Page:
Figure 2-5 shows the basic operation of a typical position servo having wide application in Navy equipment. Remember that in a position servo, an input order indicates a position in which a load is to be placed. The load in figure 2-5 is a gun turret. The purpose of the system is to position the gun by means of an order from a remote handcrank. The load is mechanically coupled through a gear train to the rotor of a CT so that the turret's position is always accurately represented by the position of the CT's rotor. An order signaling the desired position of the gun turret is fed into the servo by positioning the rotor of the CX with the handcrank. A corresponding signal immediately appears across the CT stator. This signal differs from the actual position of the gun turret, causing an error voltage to be developed across the CT rotor. The error voltage is fed from the CT rotor to the servo amplifier. At this point it is converted into power with a polarity or phase relationship that drives the motor in the direction necessary to bring the load into the desired position. As the turret moves, mechanical feedback turns the CT rotor toward agreement with the CX rotor. As the load approaches the proper position, less and less power is supplied to the motor because of the decreasing error voltage developed in the CT. When the electrical position of the CT rotor agrees with the position of the CX rotor, the error voltage reaches zero and power is removed from the motor. The turret is now in the desired position.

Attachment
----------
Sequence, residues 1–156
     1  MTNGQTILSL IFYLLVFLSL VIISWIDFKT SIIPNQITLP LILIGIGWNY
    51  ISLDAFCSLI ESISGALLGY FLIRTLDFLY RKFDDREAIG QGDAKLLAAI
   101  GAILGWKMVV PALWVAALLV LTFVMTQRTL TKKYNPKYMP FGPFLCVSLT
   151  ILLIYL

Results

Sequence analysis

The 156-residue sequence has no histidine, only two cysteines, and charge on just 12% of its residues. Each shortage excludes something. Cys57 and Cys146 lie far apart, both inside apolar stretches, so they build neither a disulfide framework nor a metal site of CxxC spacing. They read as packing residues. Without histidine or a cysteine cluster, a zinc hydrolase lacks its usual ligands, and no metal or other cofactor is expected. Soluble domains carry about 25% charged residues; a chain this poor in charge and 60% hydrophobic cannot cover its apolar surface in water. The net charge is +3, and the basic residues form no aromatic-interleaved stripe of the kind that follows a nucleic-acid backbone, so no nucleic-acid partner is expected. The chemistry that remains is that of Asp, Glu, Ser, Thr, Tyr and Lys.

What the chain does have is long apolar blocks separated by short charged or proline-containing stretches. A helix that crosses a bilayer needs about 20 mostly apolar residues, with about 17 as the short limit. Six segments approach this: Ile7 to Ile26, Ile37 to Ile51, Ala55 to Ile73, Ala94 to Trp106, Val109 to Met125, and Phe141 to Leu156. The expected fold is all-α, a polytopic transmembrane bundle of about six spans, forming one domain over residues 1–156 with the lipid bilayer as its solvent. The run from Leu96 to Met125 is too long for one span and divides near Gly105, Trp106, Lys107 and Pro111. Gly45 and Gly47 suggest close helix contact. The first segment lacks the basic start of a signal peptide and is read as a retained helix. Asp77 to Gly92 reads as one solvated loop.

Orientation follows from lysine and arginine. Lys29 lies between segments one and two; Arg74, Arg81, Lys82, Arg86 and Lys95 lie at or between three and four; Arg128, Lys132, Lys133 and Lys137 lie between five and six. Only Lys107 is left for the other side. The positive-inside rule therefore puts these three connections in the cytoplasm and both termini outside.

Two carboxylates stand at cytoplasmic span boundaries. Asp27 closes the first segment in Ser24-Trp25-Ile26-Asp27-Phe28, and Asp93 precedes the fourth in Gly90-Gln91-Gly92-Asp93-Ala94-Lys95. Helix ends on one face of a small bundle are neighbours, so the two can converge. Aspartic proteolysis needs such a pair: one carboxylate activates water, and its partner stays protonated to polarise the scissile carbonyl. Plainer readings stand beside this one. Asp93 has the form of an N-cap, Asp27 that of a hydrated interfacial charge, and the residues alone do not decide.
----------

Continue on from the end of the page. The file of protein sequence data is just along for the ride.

Figure 2-5. - Typical position servo.

In the actual system, the heavy gun turret's momentum tends to carry it past the desired position. This overshoot causes the rotor of the CT to move out of correspondence with the CX rotor. This, in turn, develops a new error signal that is opposite in polarity to the original input signal. The new error signal causes the turret to drive back toward the desired position - but the turret's momentum once again causes an overshoot, making the system drive in the opposite direction again. If this oscillation of the load around the desired position is allowed to go unchecked, a condition known as HUNTING results. Figure 2-6 shows graphically the result of a series of overtravels of the correspondence point (hunting). In most servos an electronic network known as an ANTIHUNT or DAMPING system is used to minimize this undesirable effect. We will cover antihunt and damping systems in depth later in this chapter.

Figure 2-6. - Overtravels of the correspondence point (hunting).

Q.6 What are the three relatively common classifications of servo systems by function? answer.gif (214 bytes)
Q.7 The output of the sum point must contain information that controls what two factors of load movement in a position servo? answer.gif (214 bytes)
Q.8 What term is used for a series of overshoots in a servo system? answer.gif (214 bytes)